The European Union Court of Justice (EUCJ) ruled on 8th April, 2014 that “Directive 2006/24/EC of the European Parliament and of the Council of 15 March 2006 on the retention of data generated or processed in connection with the provision of publicly available electronic communications services or of public communications networks and amending Directive 2002/58/EC is invalid” . This ruling follows requests by associations representing civil society in Ireland (Digital Rights Ireland, Ltd.) and Austria (Verfassungsgerichtshof). It requires the European Union to provide enhanced protection for Internet and telecommunications users; while recognizing the legitimate concerns posed by criminal and terrorist activities by imposing improved protection of personal data and privacy.
Last few years, internationally; the system, the legislation and the politics have revolved around giving assurances that data protection is being ab/used and is definite must to combat crime. To top it up the principle applied has been – don’t worry, if you have nothing to hide; while a general suspicion of the broad population is always being considered or understated as sort of “collateral “damage”; or The end justifies the means. However, there is very little data available on how such large-scale collection and retention of citizen data by governments in the name of national security is helping in reduction of crime.
The EUCJ establishes clearly as part of its ruling:
• The existence of an interference with the fundamental right to privacy by collecting and retaining data available in public information network, it does not matter whether the information on the private lives concerned is sensitive or whether the persons concerned have been inconvenienced in any way.(Para 33)
• Directive 2006/24 provided for criminal prosecutions even in case of indirect or remote link without any evidence for whom the electronic data is being retained. The person can be implicated without any knowledge of how he/ she is involved by being just in a situation. There is also no exception even to persons whose communications are subject, according to rules of national law, to the obligation of professional secrecy (Para 58)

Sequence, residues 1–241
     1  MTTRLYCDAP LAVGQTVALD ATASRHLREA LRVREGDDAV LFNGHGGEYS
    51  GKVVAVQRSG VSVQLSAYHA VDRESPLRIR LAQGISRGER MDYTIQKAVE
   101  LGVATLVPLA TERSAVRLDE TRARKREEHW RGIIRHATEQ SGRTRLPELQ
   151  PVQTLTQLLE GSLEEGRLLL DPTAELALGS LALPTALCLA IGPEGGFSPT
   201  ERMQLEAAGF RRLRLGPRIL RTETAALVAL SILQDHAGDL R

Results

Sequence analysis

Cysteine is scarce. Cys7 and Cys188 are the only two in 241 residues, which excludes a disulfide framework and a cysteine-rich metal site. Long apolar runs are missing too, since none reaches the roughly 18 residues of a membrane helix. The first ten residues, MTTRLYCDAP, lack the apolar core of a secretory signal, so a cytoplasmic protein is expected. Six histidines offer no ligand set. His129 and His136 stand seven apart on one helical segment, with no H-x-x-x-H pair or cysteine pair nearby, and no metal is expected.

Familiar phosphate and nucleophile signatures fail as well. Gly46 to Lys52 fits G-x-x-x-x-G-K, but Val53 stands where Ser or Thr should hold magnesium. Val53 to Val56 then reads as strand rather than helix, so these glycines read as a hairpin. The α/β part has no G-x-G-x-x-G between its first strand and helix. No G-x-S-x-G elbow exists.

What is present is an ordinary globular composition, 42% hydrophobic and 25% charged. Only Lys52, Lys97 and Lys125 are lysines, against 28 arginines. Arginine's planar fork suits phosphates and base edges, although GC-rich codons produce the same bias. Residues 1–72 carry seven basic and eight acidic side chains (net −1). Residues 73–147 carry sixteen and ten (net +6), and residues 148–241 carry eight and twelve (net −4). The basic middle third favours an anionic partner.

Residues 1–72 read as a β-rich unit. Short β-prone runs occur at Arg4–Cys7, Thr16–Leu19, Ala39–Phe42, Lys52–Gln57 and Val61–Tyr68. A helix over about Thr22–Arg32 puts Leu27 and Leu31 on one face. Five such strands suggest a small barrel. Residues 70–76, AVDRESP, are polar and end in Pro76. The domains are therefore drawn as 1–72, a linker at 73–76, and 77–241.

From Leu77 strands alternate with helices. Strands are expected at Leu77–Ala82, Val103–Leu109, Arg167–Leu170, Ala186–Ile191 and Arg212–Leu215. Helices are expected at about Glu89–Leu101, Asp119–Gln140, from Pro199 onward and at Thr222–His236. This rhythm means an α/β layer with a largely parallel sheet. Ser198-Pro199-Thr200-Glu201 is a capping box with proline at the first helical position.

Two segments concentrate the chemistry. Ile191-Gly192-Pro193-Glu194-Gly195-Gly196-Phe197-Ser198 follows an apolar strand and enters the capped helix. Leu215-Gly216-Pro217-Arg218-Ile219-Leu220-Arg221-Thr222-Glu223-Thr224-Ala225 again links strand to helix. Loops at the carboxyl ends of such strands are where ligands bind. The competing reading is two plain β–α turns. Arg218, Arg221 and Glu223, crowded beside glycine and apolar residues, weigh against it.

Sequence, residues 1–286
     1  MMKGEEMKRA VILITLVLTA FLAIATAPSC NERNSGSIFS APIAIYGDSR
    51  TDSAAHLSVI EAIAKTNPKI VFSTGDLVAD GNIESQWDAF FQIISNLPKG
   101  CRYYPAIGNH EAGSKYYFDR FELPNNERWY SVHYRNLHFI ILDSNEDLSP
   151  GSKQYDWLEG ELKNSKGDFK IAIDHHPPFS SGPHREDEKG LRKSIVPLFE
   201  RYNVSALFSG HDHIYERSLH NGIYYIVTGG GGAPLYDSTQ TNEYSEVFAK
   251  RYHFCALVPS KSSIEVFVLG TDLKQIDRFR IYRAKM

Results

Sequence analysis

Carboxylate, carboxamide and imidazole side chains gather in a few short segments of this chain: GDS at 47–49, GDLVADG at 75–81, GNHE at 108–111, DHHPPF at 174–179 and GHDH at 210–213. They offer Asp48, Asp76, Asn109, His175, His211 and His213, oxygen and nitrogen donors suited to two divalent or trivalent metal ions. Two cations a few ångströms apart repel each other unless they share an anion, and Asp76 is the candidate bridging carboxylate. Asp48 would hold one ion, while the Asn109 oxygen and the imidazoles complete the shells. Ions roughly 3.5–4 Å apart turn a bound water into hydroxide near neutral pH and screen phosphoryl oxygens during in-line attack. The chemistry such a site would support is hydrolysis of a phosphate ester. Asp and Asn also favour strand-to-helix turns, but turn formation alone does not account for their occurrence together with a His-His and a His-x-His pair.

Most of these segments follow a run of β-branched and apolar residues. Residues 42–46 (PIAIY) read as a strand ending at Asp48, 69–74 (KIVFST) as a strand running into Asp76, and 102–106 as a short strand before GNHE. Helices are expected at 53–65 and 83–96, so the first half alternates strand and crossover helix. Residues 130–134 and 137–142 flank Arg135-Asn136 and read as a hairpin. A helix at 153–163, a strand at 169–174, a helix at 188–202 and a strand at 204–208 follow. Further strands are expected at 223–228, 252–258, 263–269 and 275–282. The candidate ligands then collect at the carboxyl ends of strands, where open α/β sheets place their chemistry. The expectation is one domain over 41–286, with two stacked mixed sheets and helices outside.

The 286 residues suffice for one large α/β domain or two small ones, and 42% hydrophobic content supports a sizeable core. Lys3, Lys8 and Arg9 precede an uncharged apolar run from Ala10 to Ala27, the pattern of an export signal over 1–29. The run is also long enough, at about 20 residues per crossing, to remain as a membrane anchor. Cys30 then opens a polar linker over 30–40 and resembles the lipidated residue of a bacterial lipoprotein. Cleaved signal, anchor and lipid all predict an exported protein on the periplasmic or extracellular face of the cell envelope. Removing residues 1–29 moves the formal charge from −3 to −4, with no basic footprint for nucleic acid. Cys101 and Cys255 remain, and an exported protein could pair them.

• Absence of time period of retention and objective criterion for access of the data by others (Para 59 & Para 62)
This ruling besides being landmark can be termed as one of the most advanced legislation in the world regarding the protection of Internet user’s rights and privacy, though; it raises questions at home and internationally.
• Justice A P Saha report which is the bedrock for formulating privacy legislations in India mentions in Sec 7.9 that the Privacy Act in India must articulate the constitutional basis of privacy as a fundamental right deriving from Article 21 of the Constitution of India and in Section 7.10 talks about exception to the rights in case of national security, public order or disclosure in public interest which may require reevaluation.
• Data Security Council of India (DSCI) framework on Security and Privacy which works on Industry specific privacy standards and has embodied the elements of national privacy principles and includes distilled guidelines of best privacy and security practices around the world now needs to be specific.
• ICANN – the agency for maintain the domain name system of Internet; will have to relook into the contracts for top level domains (TLD) specifically for the EU registrars and maintaining the WHOIS service globally.
For those not familiar with the legal system of the European Union, when the new Directive will have been adopted as a result of this ruling, it will be transposed into the national legislation of each Member State. And this may take some time.